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Scientists Can Reconstruct Faces by Reading Your Mind

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Fantasizing about an old flame? Lusting over a celebrity instead of your current squeeze? Watch out: scientists can reconstruct the faces you're thinking about from a brain scan alone.

Researchers from Yale have been using functional MRI scans to reconstruct the images of people's face from subjects that are thinking about a particular person. Showing six subjects 300 different faces and then performing brain scans, Alan S. Cowen and Brice Kuhl were able to teach software to use statistical reasoning to associate brain signals with facial features.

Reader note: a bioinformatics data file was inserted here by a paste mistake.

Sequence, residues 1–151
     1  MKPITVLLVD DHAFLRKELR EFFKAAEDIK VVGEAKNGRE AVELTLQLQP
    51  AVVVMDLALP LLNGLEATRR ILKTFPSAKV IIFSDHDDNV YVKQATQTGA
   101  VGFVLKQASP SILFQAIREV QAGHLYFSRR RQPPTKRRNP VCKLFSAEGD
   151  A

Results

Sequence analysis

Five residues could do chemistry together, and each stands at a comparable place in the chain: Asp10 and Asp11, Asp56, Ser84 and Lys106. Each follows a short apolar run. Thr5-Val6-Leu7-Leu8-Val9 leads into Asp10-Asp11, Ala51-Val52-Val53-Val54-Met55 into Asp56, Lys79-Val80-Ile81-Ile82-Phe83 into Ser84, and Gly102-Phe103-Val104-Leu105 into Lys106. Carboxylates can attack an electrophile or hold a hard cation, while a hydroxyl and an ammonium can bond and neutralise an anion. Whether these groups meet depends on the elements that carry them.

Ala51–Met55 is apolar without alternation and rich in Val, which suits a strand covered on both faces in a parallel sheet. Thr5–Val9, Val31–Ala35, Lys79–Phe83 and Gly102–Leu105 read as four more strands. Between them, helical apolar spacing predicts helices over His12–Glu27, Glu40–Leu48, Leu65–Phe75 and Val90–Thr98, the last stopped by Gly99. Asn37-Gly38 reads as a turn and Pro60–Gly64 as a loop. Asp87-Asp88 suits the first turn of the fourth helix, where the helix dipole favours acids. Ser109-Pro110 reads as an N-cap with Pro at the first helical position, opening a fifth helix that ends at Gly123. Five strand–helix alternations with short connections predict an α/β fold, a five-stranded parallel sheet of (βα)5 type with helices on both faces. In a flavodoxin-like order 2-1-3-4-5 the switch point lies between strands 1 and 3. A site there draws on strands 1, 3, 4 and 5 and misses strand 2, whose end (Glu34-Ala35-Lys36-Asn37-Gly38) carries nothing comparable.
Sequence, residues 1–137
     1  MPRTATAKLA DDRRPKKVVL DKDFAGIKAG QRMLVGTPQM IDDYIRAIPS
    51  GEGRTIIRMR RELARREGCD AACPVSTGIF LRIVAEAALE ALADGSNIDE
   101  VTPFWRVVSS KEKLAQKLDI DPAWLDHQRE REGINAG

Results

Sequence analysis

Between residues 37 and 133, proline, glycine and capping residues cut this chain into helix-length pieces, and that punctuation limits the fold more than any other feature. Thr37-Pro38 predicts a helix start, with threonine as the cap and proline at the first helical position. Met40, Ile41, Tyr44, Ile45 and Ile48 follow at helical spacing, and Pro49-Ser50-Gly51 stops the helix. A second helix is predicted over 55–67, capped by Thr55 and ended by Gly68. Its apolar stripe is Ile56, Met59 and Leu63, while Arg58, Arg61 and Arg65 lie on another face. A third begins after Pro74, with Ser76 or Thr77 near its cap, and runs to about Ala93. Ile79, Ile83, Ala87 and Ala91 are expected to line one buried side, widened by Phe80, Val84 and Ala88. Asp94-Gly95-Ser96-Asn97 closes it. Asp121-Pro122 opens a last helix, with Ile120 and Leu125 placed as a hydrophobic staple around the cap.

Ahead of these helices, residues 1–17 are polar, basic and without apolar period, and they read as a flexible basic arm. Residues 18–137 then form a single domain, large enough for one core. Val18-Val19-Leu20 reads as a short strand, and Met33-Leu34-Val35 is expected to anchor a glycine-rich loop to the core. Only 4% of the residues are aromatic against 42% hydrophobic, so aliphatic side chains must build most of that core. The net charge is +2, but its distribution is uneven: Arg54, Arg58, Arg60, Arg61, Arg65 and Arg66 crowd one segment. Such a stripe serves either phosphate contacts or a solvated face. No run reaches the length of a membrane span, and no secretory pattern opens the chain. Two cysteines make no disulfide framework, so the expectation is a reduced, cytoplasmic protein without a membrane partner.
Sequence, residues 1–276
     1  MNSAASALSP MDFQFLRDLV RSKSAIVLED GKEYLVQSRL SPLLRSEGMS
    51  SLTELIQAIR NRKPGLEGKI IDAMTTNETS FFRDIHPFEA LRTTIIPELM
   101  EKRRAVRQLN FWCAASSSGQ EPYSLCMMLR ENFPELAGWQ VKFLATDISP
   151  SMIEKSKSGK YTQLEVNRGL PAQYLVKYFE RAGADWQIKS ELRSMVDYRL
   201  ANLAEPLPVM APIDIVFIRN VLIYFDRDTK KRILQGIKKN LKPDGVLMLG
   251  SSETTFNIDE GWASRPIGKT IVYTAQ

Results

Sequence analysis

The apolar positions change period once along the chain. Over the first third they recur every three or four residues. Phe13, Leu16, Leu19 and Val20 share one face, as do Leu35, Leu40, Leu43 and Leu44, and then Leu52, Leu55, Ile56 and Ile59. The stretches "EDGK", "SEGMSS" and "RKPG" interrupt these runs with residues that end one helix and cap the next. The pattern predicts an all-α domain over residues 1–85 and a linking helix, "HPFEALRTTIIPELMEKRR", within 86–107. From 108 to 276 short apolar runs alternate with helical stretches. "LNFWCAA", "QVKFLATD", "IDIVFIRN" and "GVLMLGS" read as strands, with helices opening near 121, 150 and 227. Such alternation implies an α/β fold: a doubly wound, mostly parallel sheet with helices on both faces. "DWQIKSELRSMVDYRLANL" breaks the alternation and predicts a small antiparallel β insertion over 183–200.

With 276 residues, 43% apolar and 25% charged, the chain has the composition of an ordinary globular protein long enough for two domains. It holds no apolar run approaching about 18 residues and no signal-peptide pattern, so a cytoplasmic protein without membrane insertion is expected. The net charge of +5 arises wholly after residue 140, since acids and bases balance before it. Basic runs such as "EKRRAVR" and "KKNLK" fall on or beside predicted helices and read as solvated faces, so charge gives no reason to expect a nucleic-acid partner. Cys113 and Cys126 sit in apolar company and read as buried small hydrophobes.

Then, they showed the six subjects new sets of faces, and scanned their brains while they thought about them. Using the fMRI data alone, the researchers were able to use their software to reconstruct the faces the subjects were thinking about. The results of a couple of the experiments are shown above.

They're not perfect, but then, it's worth remembering that this is quite literally mind reading. Cowen also believes that the accuracy will improve dramatically simply by building the database so that the statistical techniques are more accurate.


It's all possible because of the way in which our brain works. "We perceive faces in a much greater level of detail than we perceive other things," Cowen explains, which means that it's easier to reconstruct a face than, say, a landscape we've looked at.

That doesn't take away from how impressive the work is, though. So, be careful next time you're in hospital and you end up thinking about your ex; someone could be watching you thoughts. [Yale]